Chances are, you monitor for plenty of things in your facility. You probably test for allergens. There are metal detectors to find metal contaminants. Maybe even biologic sampling for things like Listeria or Escherichia coli. You also monitor for pests. Most companies will likely hire a third-party pest management company to provide this service. A few still have an in-house team that covers pest control. Either way, the people overseeing the pest management program at the site still have some things to think about when it comes to monitoring for pests.

Are You Monitoring for the Right Thing?

While your pest management professional should be assessing the site for potential pests, it’s still your facility. There are records of which pests were an issue in the past, and, based on what type of food is being produced, specific pests that may infest the raw ingredients coming in or your finished products. All the major audit schemes require that there be an annual pest management assessment that addresses what pests pose a risk to the site and what means are in place to mitigate those risks. Both you, knowing your site, and the pest management professional, who knows pests, need to work together to determine which pests are likely. The first step is always identifying the problem: Knowing what pests are and could be an issue means you can monitor for them properly.

Are You Using the Right Tools in the Right Way?

Once the possible pests are identified, the right monitoring tools can be used. Using the right tools allows for early warning when pest issues start to occur. There was a facility that was having an Indian meal moth problem. They produced many types of cereals and had been struggling with the moths for months in their incoming goods warehouse. I was told that they were not finding many in their monitors, but they were finding lots of infested raw ingredients. Turns out, their “monitors” were insect light traps (ILTs). While these can catch a few scattered moths (and did in this case), they weren’t very attractive to this particular stored-product moth. The plant should have been using pheromone traps specific to Indian meal moths. Once they switched over to the correct monitoring devices, they were able to accurately track what was going on and get the situation under control. If the right tools aren’t being employed, it’s hard to track the issues.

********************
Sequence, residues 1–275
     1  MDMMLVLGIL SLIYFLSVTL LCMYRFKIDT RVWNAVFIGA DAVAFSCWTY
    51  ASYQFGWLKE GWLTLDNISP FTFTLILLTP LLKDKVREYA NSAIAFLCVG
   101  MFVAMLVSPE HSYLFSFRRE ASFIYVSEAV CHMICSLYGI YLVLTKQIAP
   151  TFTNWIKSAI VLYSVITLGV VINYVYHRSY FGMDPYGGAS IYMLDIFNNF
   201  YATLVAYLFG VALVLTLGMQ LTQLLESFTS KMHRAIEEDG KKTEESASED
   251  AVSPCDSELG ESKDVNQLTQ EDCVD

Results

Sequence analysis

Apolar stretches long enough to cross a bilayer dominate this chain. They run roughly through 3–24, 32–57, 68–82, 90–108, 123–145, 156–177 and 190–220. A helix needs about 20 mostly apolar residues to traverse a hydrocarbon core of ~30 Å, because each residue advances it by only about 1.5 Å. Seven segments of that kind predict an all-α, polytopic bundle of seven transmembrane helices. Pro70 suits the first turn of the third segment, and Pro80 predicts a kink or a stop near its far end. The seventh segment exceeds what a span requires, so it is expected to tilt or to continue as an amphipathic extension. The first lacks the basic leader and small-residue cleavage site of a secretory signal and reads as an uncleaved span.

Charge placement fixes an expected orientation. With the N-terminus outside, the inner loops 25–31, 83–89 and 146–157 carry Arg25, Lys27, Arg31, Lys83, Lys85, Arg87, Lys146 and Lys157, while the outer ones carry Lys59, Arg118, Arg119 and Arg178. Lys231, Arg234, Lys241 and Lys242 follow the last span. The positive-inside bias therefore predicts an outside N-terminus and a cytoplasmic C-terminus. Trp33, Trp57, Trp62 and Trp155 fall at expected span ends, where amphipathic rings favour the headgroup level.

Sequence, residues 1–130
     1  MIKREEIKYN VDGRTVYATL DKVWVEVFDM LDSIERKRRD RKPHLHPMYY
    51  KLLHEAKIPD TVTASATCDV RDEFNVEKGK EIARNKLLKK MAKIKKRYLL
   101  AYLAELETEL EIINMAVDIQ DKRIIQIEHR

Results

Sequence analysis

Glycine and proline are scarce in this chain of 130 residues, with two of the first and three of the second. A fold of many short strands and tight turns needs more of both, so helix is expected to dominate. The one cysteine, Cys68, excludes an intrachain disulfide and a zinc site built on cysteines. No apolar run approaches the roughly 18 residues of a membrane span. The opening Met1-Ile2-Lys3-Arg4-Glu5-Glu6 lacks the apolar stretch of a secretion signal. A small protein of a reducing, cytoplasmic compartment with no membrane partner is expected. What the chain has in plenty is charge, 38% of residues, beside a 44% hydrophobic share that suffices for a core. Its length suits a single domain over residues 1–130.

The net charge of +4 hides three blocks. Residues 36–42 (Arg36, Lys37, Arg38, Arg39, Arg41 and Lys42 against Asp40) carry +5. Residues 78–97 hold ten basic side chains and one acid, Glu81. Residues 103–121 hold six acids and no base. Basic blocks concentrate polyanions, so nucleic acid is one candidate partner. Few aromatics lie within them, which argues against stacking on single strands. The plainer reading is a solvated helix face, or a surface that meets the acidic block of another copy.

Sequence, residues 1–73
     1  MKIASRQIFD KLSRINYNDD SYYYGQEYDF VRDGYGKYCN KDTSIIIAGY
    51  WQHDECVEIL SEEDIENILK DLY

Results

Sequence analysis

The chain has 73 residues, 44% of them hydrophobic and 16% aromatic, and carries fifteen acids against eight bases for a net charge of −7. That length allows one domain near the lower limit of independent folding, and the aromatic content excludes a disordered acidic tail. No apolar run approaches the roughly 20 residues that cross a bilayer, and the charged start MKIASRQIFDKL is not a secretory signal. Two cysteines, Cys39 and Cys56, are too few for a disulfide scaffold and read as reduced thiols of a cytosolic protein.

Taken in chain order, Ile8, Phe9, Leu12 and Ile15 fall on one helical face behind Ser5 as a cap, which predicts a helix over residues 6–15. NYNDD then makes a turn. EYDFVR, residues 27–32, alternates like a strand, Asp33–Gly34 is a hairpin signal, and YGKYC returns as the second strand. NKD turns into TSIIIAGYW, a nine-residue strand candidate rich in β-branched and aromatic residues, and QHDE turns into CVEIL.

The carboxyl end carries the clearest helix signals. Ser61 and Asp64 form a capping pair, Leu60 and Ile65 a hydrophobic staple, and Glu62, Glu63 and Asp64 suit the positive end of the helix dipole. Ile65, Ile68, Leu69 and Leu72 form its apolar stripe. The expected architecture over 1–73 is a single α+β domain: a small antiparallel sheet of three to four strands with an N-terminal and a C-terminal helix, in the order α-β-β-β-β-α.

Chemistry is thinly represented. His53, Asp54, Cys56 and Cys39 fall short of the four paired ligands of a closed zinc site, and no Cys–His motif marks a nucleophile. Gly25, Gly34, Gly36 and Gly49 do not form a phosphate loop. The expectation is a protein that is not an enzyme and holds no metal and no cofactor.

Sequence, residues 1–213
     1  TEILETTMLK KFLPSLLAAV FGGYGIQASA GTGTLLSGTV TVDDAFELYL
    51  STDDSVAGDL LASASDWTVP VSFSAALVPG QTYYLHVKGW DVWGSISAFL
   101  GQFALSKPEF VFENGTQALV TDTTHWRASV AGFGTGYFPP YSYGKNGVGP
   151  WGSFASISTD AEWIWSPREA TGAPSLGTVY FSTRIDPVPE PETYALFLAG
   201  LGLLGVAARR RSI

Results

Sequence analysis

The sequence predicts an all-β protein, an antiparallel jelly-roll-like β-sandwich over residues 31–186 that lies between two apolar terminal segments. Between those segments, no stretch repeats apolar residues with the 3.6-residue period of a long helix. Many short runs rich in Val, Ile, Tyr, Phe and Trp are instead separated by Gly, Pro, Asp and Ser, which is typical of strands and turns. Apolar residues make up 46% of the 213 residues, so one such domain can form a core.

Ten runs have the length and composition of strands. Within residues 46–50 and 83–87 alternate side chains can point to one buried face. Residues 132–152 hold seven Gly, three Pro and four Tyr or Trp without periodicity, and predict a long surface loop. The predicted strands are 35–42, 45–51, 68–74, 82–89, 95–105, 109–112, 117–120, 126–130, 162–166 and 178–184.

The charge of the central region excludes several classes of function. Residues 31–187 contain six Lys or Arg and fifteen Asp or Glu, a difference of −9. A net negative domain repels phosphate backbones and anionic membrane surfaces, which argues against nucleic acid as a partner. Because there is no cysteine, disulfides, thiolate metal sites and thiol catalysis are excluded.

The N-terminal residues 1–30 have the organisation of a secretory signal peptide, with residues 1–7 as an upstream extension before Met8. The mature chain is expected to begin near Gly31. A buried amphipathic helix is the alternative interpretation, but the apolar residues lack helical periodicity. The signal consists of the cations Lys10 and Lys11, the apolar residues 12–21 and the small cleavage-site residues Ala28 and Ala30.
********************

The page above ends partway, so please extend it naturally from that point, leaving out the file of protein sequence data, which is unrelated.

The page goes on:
Monitors have to be used correctly as well. Walk around your site and you will most likely see some rectangular metal boxes on either side of the doors. Ever see one of these propping open a door? Or see one sitting on a shelf because it was in someone’s way and they moved it? These little metal boxes are there to intercept and monitor for rodents. When one is used to keep a door open, not only are you literally opening a door for rodents to get in, but you are also removing the device that is intended to capture them if they do. I’ve seen ILTs that have been unplugged so a cell phone can charge. If that light isn’t working, it’s not catching those flying insects that get in. You not only have to ensure the right tool to pair with the right pest, but you also have to use that tool properly. If a monitor isn’t used as intended, you can’t capture the pests and work toward solving the problem.